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J Infect Dis. 2000 Sep;182(3):671-7. Epub 2000 Aug 4.

Respiratory syncytial virus (RSV)-induced airway hyperresponsiveness in allergically sensitized mice is inhibited by live RSV and exacerbated by formalin-inactivated RSV.

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Department of Medicine, Vanderbilt University School of Medicine, Nashville, Tennessee 37232-2582, USA.


Respiratory syncytial virus (RSV)-induced disease is associated with recurrent episodes of wheezing in children, and an effective vaccine currently is not available. The use of 2 immunizations (a formalin-inactivated, alum-precipitated RSV vaccine [FI-RSV] given intramuscularly and live RSV given intranasally [LVIN]), with a control immunization, were compared in a well-characterized model of RSV challenge, with or without concomitant allergic sensitization with ovalbumin. FI-RSV caused a significant increase in airway hyperresponsiveness in mice after RSV infection during allergic sensitization, and this was associated with an increase in type 2 cytokine production. In contrast, immunization with LVIN did not change type 2 cytokine production and protected against RSV-induced airway hyperresponsiveness in the setting of allergic sensitization. This study suggests that immune modulation with RSV vaccination can have profound effects on RSV-induced airway disease and that prevention of airway hyperresponsiveness is an important end point in vaccine development.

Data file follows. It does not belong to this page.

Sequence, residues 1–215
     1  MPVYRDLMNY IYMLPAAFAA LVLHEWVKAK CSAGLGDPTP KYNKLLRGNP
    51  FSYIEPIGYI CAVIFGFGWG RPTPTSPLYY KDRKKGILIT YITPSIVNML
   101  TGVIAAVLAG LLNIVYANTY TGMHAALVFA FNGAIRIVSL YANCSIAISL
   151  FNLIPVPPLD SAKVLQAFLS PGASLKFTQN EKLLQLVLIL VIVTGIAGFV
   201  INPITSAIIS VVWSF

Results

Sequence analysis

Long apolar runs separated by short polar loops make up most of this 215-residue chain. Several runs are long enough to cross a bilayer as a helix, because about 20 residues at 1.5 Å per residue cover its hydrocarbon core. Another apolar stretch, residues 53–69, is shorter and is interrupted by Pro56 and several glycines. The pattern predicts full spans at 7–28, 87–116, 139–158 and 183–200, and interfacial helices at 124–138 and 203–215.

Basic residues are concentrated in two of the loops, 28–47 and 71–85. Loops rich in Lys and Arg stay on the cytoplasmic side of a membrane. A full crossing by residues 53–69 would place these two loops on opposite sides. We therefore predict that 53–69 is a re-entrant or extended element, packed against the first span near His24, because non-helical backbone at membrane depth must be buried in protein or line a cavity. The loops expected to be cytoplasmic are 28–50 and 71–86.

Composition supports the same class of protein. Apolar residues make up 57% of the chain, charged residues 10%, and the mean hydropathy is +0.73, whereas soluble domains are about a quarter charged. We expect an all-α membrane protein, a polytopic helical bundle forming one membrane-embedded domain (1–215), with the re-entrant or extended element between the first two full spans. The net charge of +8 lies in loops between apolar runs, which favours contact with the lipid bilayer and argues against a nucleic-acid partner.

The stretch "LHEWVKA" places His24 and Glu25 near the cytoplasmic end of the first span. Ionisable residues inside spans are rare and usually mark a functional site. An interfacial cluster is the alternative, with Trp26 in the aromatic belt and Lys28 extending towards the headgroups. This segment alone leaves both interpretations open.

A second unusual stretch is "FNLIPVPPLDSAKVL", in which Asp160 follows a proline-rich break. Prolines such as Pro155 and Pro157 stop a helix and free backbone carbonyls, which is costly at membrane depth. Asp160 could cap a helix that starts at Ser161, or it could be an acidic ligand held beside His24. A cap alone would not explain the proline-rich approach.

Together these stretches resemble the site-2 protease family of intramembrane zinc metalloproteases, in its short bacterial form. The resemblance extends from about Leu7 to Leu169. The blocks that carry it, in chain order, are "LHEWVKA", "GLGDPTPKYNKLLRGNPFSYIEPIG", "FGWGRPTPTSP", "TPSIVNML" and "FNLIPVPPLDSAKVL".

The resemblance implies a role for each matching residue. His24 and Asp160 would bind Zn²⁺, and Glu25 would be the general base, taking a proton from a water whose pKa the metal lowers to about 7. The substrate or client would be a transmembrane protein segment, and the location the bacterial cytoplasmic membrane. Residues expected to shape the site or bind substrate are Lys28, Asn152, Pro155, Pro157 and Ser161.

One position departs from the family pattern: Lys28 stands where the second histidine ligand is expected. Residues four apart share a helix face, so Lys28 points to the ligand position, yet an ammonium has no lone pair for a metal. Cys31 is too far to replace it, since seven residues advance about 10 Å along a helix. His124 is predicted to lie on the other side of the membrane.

[Indexed for MEDLINE]

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